Polycystic ovary syndrome affects up to one in five women worldwide, three-quarters of whom struggle to fall pregnant. The condition is typically characterised by high levels of testosterone, ovarian cysts, irregular menstrual cycles, and problems regulating sugar, but the causes have long been a mystery. “It’s by far the most common hormonal condition affecting women of reproductive age but it hasn’t received a lot of attention,” says Robert Norman at the University of Adelaide in Australia.
Treatments are available for helping affected women get pregnant, but their success rates are typically less than 30 per cent across five menstrual cycles.
Now, Paolo Giacobini at the French National Institute of Health and Medical Research and his colleagues have found that the syndrome may be triggered before birth by excess exposure in the womb to a hormone called anti-Müllerianhormone.
The researchers discovered that pregnant women with polycystic ovary syndrome have 30 per cent higher levels of anti-Müllerian hormone than normal. Since the syndrome is known to run in families, they wondered if this hormonal imbalance in pregnancy might induce the same condition in their daughters.
To test this idea, they injected excess anti-Müllerian hormone into pregnant mice. As their female offspring grew up, they displayed many of the hallmarks of polycystic ovary syndrome, including later puberty, infrequent ovulation, delays in falling pregnant, and fewer offspring.
The excess hormone seemed to trigger this effect by overstimulating a set of brain cells that raise the level of testosterone.
Cure in mice
The team were able to reverse this effect in the mice using cetrorelix, an IVF drug routinely used to control women’s hormones. After treatment with this drug, the mice stopped showing symptoms of polycystic ovary syndrome.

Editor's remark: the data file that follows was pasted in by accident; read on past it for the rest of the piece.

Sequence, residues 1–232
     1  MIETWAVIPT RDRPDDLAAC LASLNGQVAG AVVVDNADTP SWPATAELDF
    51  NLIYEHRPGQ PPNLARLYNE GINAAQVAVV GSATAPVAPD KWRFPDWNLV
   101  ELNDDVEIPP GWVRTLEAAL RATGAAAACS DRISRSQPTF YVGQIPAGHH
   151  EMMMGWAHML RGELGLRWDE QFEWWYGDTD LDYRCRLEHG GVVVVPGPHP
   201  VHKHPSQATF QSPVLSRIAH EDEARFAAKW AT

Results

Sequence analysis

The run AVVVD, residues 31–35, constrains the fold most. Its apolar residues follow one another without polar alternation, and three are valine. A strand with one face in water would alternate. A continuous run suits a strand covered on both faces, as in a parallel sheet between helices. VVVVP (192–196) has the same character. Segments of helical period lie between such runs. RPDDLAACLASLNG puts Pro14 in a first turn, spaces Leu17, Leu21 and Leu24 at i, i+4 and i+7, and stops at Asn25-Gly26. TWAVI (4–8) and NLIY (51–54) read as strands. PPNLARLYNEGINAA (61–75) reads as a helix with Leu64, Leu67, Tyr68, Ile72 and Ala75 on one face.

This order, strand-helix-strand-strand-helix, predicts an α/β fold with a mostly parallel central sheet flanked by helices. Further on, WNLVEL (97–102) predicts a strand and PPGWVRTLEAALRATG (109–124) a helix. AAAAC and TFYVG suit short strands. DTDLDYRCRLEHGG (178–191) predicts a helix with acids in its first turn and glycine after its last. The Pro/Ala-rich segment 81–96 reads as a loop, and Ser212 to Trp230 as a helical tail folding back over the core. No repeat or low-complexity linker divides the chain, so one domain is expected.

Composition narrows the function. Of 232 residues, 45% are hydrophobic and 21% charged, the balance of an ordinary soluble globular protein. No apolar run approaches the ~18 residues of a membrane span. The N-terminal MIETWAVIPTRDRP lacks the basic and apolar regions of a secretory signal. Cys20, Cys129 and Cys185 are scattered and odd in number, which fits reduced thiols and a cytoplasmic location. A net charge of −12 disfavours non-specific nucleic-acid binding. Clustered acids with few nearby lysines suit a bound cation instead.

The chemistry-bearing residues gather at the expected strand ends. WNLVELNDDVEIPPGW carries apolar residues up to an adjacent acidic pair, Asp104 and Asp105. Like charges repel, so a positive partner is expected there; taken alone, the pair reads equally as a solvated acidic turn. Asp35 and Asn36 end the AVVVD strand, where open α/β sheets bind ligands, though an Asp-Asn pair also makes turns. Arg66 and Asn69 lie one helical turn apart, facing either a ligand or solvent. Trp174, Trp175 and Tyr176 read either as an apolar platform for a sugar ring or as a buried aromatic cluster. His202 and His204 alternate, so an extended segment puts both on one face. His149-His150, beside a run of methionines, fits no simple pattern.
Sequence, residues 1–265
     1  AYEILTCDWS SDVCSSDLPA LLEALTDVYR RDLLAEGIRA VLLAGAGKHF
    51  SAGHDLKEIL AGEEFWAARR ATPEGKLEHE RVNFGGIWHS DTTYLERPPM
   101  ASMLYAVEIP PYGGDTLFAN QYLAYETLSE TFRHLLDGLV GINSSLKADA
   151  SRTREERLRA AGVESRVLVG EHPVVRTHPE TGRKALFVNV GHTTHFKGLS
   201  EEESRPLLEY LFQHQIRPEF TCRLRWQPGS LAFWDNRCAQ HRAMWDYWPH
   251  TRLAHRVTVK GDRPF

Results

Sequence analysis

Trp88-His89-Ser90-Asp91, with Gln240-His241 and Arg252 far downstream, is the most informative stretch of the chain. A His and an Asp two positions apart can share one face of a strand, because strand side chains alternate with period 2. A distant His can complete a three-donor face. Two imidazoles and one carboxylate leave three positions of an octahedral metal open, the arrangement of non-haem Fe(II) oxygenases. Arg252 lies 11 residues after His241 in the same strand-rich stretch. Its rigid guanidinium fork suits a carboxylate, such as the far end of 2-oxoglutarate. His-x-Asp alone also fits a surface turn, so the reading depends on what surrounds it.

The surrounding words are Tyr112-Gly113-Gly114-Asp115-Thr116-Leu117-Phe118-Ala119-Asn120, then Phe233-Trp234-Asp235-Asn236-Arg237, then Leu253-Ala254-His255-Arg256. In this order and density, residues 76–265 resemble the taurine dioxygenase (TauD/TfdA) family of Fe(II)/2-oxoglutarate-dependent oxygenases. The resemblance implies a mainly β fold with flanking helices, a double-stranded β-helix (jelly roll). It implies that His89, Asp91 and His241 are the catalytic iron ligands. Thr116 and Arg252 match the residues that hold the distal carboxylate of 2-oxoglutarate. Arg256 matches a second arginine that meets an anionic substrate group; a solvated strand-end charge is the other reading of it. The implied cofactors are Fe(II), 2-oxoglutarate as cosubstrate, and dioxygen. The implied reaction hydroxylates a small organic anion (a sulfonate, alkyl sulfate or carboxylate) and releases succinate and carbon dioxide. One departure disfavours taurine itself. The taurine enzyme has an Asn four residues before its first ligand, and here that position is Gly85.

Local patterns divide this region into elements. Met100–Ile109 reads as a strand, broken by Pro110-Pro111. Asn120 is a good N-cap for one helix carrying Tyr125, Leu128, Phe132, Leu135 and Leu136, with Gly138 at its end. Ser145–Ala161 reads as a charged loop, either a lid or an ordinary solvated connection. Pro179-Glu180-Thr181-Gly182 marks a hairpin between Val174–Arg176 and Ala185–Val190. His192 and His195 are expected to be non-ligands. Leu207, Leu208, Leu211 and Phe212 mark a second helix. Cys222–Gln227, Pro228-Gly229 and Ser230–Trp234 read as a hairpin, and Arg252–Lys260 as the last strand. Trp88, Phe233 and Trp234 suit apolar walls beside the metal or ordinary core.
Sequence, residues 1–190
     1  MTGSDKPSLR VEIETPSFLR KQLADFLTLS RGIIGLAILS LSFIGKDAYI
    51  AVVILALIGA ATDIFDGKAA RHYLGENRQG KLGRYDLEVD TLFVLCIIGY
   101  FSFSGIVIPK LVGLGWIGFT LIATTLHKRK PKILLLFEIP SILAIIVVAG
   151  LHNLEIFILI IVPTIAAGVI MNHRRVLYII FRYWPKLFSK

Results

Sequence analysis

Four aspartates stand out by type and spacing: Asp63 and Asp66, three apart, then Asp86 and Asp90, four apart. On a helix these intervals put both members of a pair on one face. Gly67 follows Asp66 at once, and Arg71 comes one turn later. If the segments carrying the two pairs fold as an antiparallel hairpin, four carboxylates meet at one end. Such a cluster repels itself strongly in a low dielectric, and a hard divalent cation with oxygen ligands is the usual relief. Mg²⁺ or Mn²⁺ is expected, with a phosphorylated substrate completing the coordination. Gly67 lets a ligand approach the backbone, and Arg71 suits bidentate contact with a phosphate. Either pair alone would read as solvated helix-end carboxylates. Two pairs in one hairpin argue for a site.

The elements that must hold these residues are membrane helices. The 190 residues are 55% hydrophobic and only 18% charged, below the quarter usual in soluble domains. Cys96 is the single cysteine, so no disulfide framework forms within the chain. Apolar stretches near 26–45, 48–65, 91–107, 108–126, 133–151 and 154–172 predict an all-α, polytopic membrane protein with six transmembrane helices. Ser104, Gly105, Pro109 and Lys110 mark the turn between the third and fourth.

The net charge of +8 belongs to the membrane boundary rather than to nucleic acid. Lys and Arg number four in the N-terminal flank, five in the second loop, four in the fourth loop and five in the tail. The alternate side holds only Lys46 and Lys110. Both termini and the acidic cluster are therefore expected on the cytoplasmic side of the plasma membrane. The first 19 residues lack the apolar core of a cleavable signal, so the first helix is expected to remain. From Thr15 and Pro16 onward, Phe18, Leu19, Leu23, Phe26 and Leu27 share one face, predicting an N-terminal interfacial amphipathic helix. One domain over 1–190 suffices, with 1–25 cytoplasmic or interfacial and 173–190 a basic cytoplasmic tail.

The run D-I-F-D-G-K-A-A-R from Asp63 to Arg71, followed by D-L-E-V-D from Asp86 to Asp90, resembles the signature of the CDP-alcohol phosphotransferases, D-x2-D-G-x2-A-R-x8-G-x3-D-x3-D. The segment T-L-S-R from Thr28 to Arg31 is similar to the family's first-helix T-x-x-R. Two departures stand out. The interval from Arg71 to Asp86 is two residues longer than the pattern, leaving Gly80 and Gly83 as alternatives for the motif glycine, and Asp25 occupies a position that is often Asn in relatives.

The team is now planning a clinical trial of cetrorelix in women with the condition, which they hope to start before the end of the year. “It could be an attractive strategy to restore ovulation and eventually increase the pregnancy rate in these women,” says Giacobini.
“It’s a radical new way of thinking about polycystic ovary syndrome and opens up a whole range of opportunities for further investigation,” says Norman.
If the syndrome is indeed passed from mothers to daughters via hormones in the womb, that could explain why it’s been so hard to pinpoint any genetic cause of the disorder, says Norman. “It’s something we’ve been stuck on for a long time,” he says.
The findings may also explain why women with the syndrome seem to get pregnant more easily in their late 30s and early 40s, says Norman. Anti-Müllerian hormone levels are known to decline with age, usually signalling reduced fertility. But in women who start out with high levels, age-related declines may bring them into the normal fertility range – although this still needs to be tested, says Norman.
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